Publication Date

October 1, 1996

Five years ago the Cold War died an unlamented death. Ever since then Americans have been concentrating their thoughts on what America's place should be in this new world, whether we should face across the Atlantic toward Russia and Europe, across the Pacific toward East Asia, or south toward Latin America. The first of these directions is familiar, the other two paths are trod less often. In life it is often the new that receives the most attention. In the historical and educational professions, a predilection for new interests is currently reflected both in a lively concern for world history and in what I regard as a regrettable tendency to downplay our country's European background and connections. I see this tendency as "the theme behind the theme" of the articles and correspondence published in Perspectives this year about the future of European history. (See pp. 3-4 of the February 1996 issue of Perspectives and pp. 1,4-6, 31, and 34-36 of the April 1996 issue of Perspectives.)

Countless Americans discover a special personal identity in Europe, a feeling of homecoming. When a friend asked AHA president Caroline Walker Bynum what she found most striking about life in Berlin during her yearlong sabbatical in the city, she responded, "[T]he fact that I feel so at home." (Perspectives, February 1996, p. 3). Similarly, in the April 1996 issue of Perspectives, James J. Ward noted “the instant sense of connection” he feels the moment his “plane sets down at Tegel.” (Perspectives, April 1996, p. 31.) Given the European roots of our own civilization, it is natural that this should be the experience of many educated Americans. Certainly European history can no longer serve as America’s sole intermediary to world history, as John R. Gillis argued in the April 1996 issue of Perspectives, yet it would be a sad mistake to take this European connection for granted and inadvertently let ourselves slip away into history labeled as the last Eurocentric generation.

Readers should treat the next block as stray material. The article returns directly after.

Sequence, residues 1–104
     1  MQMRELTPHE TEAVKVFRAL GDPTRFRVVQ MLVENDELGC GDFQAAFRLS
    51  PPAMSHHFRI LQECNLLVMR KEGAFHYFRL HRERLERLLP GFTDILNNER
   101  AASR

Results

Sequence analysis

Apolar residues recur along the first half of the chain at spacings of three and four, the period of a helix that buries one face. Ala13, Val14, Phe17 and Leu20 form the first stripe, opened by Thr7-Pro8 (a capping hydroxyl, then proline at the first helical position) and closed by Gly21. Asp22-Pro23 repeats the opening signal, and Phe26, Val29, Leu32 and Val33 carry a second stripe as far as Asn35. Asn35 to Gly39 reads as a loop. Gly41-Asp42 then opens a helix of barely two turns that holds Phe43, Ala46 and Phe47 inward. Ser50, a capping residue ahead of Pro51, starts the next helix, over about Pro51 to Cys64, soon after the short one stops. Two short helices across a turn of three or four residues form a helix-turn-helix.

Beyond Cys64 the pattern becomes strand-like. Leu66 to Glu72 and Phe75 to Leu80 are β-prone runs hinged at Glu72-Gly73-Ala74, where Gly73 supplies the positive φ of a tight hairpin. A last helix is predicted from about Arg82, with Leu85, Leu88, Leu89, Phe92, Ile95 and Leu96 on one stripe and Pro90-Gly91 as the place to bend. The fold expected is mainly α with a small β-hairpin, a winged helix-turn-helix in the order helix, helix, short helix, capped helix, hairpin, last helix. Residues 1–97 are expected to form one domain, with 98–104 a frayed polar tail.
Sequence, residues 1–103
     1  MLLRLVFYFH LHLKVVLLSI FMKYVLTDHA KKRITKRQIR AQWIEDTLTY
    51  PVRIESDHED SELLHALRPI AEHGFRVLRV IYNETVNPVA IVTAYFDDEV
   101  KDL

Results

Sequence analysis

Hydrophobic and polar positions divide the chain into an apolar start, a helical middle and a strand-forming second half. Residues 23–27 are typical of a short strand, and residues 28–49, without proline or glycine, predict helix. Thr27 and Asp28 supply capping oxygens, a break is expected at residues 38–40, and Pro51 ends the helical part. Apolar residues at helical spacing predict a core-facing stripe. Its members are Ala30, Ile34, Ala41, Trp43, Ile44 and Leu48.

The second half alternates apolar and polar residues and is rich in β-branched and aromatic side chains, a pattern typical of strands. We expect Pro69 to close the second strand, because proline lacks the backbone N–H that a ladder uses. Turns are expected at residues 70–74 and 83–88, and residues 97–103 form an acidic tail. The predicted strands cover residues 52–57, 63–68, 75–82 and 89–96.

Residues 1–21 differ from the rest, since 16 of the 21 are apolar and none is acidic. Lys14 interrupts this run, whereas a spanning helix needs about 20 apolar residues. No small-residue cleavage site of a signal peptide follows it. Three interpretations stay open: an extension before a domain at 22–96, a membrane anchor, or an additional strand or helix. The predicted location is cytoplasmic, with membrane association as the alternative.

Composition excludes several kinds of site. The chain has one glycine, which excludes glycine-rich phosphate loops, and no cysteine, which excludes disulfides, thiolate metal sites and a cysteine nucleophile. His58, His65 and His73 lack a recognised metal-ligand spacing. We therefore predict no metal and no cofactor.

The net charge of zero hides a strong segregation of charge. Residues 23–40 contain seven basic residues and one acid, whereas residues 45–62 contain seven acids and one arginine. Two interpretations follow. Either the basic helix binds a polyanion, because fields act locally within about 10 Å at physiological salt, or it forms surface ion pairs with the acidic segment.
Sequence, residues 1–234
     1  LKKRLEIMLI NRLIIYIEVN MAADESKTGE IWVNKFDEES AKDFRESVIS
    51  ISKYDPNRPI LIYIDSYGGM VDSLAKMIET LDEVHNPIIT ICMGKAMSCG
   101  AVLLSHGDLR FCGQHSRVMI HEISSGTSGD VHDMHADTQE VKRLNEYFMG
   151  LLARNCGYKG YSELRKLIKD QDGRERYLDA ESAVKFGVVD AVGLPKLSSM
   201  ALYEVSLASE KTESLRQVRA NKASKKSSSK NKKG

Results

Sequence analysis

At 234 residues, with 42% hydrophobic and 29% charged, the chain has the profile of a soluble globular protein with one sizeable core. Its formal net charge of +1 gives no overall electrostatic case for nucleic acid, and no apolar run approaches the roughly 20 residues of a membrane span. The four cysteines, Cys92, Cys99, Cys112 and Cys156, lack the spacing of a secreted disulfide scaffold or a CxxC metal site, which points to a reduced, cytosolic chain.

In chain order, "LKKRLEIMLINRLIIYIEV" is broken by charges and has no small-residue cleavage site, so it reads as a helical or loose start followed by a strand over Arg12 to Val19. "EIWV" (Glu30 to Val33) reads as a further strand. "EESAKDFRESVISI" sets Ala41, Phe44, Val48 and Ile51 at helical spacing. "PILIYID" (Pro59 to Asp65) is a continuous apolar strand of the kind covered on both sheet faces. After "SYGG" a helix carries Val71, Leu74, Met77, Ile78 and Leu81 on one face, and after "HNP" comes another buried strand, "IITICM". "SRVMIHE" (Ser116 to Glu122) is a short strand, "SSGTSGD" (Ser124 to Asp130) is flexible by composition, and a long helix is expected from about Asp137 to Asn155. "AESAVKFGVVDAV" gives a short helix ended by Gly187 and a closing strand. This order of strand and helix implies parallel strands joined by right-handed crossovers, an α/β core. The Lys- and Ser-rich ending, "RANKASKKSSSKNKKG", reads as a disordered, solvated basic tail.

With thoughts such as these in mind I have designed and taught a course for students in the upper grades of high school that is, so far as I can discover, unique for that age level both in America and in Europe. The course lasts for an entire school year and is devoted to Russia and Europe since 1945. In the process of developing the course in 1993, I asked Europeans of all ranks from cabinet ministers to train ticket collectors what they would think of such a course and how they would like their countries represented to young Americans. Some of my informants came to me through family connections or professional associations, some were public officials who agreed to be interviewed, and some were chance acquaintances that I struck up along the way. "It's a splendid idea," said Lord Carrington, former secretary general of the North Atlantic Treaty Organization (NATO). Sir Leon Brittan, vice president of the European Community, agreed, "It is essential, I am sure, for the Community to make a proper effort to be understood in the United States, and that process should begin in school" And Ferenc Rabar, former finance minister of Hungary and now professor of economics at the University of Budapest, said in August 1993 that "it is a crime on the part of the West to have lost three years, 1989 to 1992, failing to win the support of Eastern and Central Europe. This is an unacceptable, dangerous policy, based on American ignorance." Certainly educating young people in contemporary European history and issues is a significant responsibility for teachers in the United States.